Do you ever have that feeling when you read a book where you get to a bit that should be really good, and instead it’s just a little bit shit? And you feel betrayed, because you just spent 200 pages (or whatever) letting the author carry you along in the unlikely meanders they wanted to follow, and now they’ve gone and kacked it all up? That’s what we had here. Komplett upgekackt. The director’s description of his work was just pseudo-scientific gibberish, with lots of floppy stuff about mysterious “harmonics” that made no sense at all, and apparently bore barely any relationship to the work on genetics inspired by the original discoveries in the permafrost. The station itself was nothing more than a placeholder, a place where hundreds of people live and work reduced to some corridors, a secret door and a library, more or less. And conveniently, almost all of the subjects of the genetic experimentation had perished as a result of the accident the American spy satellite had seen. Why fridge the super-apes, Lionel? Why?
So that was a massive let-down. And then the rest of the book is about running away from Kolyma. More unlikely super-competence, more driving of exotic vehicles, one more language community asking “How do you know the tongue?” or whatever gnomic translation of “Hey, how come you speak our language?” Davidson chooses to indicate the fundamental exoticism of Bering Strait Inuit people. And then we go commando. Honestly, I never realised how cut-throat academic anthropology was. Close quarters combat training is a required course for anthropology PhD candidates now.
I’m going to indulge myself a bit now. I don’t know if you remember when you were a kid, there was a genre of story it was hard to avoid writing now and then. (This might be a little boy thing, so forgive me the reminiscence.) This genre I think of as the “cowboy astronaut dinosaur” story. You have so many cool ideas you want to get into your story, but the only thread that binds them is that you think they’re cool. But what the hell, let’s get it all in there anyway! So what if you end up wearing a spacesuit on a horse being chased by a velociraptor? Space is cool! Cowboys are cool! Dinosaurs are cool! And then the teacher asks: Okay, what happens next? And, naturally enough, you say: What do you mean, what happens next? Well, stories usually have a beginning, middle and an end. You’ve got the beginning, so what happens next? Confused child: but there’s an astronaut? who’s a cowboy? and there are dinosaurs? What more do you need, you joy-stealer? Did the day shape my flesh only to fill the yawning gulf at the centre of your soul? There are dinosaurs! I’m a cowboy! Who’s an astronaut! And so you end up with a lifelong aversion to conventional narrative structure.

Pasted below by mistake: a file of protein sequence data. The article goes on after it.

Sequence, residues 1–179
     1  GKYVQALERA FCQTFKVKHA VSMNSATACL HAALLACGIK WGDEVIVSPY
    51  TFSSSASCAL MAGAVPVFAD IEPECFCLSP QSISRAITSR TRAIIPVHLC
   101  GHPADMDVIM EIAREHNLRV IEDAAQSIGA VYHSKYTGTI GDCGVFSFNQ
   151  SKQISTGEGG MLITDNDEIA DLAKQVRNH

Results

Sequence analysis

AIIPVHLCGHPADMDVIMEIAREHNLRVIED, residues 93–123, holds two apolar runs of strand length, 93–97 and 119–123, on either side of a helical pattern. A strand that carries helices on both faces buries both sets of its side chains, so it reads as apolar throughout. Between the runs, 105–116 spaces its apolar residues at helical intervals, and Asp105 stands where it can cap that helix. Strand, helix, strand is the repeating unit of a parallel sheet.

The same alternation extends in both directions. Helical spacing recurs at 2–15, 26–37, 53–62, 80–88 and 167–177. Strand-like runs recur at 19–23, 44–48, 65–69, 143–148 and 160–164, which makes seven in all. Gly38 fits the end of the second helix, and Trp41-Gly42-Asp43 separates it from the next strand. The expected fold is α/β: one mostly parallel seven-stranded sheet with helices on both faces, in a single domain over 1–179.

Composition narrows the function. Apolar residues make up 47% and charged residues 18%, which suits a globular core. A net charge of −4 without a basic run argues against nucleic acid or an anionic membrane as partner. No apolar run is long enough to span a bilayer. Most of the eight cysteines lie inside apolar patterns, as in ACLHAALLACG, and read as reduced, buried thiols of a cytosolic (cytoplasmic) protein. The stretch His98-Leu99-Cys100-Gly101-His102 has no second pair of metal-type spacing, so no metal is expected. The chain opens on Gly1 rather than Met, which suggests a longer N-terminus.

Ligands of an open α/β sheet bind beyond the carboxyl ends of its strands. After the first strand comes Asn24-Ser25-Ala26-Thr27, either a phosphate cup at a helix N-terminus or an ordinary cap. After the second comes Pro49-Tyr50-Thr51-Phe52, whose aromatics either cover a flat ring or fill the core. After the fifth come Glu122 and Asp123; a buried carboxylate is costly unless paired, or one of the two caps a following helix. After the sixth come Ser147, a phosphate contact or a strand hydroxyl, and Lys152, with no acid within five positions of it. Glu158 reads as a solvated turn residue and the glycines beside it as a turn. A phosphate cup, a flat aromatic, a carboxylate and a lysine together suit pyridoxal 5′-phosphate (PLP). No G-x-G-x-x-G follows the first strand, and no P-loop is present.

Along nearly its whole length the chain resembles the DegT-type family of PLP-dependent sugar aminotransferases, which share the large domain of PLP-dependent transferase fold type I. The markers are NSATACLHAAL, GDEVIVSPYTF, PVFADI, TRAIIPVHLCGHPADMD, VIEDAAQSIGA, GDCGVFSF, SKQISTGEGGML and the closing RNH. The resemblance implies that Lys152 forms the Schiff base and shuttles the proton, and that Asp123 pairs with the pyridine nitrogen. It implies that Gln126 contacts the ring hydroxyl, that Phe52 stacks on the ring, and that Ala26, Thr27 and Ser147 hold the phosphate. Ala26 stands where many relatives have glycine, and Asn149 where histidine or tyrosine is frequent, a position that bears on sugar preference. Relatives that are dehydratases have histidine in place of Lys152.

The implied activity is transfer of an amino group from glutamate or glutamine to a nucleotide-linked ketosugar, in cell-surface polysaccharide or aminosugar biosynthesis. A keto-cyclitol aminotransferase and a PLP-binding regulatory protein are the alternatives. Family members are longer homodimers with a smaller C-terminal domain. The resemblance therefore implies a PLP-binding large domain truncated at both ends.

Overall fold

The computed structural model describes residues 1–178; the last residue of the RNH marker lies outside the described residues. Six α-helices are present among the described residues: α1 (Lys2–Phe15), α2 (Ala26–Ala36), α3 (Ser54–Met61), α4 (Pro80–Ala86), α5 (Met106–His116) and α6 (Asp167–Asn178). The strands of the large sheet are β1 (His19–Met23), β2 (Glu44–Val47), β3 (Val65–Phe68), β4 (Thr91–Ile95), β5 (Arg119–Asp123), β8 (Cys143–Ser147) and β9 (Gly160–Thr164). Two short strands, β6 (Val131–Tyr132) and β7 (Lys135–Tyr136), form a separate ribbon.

Kolymsky Heights has cowboys (ice truck drivers), astronauts (super-spy linguist Gary Stus) and dinosaurs (flash-frozen Neanderthals). It’s all a bit much. Show, don’t tell. And even better, don’t even show, but let the reader imagine. And don’t try to put in every single damn idea you have. Sometimes less really is more.
There’s another problem, one that I think about a lot when I read novels. You do want your story to have a beginning, a middle and an end, at least in some sense. Novels that are perfectly “historical” don’t work well (unless you’re Hilary Mantell), because history is a tangled ball of string with events that don’t fit into any narrative, characters whose arcs fizzle out for no reason, emergent phenomena that can’t be ascribed to any plot-worthy character, and so on. So when you write a novel, you need to massage the historicity of whatever sequence of events you’re going to talk about. You have some idea of what might have happened, and you want to make a story out of it. That means that, to some extent, you need to “linearise” the events that you have, to put them into a framework that has some meaning and some relation to characters that a reader might care about. In your big ball of string, you need to find an “interesting” thread to follow. That usually means engineering coincidences to make the lives of your characters interesting enough. It’s a rare person in real history who has “all the things” happen to them. Most of us just aren’t that interesting, so a caring author needs to tweak their characters’ paths through history to make their lives more entertaining (for us, the readers, often not for the characters themselves!). The problem arises when that engineering of coincidences goes too far. Writing a good and believable novel means treading a fine line there, and Kolymsky Heights goes trampling over that line in great big Kolyma-issue snow boots. A few lucky escapes add some spice to the life of your anthropologist super-spy. One lucky coincidence after another leaves the reader (well, this reader anyway) wishing for a horrific misadventure instead of another lucky escape.
But what do I know? Philip Pullman likes it, and it honestly works to fend off the Weltschmerz for a while. And it won’t stop you sleeping at night.